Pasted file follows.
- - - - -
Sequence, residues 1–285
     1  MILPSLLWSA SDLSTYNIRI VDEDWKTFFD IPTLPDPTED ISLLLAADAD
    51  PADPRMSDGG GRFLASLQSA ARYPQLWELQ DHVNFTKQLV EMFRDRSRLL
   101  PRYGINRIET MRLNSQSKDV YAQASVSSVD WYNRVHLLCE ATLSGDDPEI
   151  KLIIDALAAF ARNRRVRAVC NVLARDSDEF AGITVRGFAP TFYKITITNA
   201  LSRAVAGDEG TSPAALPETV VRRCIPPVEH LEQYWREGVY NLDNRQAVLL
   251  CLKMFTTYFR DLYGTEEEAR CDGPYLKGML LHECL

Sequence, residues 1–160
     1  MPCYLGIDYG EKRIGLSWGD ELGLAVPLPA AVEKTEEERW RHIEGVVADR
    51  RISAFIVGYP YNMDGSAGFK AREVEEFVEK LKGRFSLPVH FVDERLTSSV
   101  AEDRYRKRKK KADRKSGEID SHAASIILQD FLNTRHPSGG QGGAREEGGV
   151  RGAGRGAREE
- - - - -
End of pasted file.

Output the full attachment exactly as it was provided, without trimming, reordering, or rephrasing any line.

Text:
Sequence, residues 1–285
     1  MILPSLLWSA SDLSTYNIRI VDEDWKTFFD IPTLPDPTED ISLLLAADAD
    51  PADPRMSDGG GRFLASLQSA ARYPQLWELQ DHVNFTKQLV EMFRDRSRLL
   101  PRYGINRIET MRLNSQSKDV YAQASVSSVD WYNRVHLLCE ATLSGDDPEI
   151  KLIIDALAAF ARNRRVRAVC NVLARDSDEF AGITVRGFAP TFYKITITNA
   201  LSRAVAGDEG TSPAALPETV VRRCIPPVEH LEQYWREGVY NLDNRQAVLL
   251  CLKMFTTYFR DLYGTEEEAR CDGPYLKGML LHECL

Sequence, residues 1–160
     1  MPCYLGIDYG EKRIGLSWGD ELGLAVPLPA AVEKTEEERW RHIEGVVADR
    51  RISAFIVGYP YNMDGSAGFK AREVEEFVEK LKGRFSLPVH FVDERLTSSV
   101  AEDRYRKRKK KADRKSGEID SHAASIILQD FLNTRHPSGG QGGAREEGGV
   151  RGAGRGAREE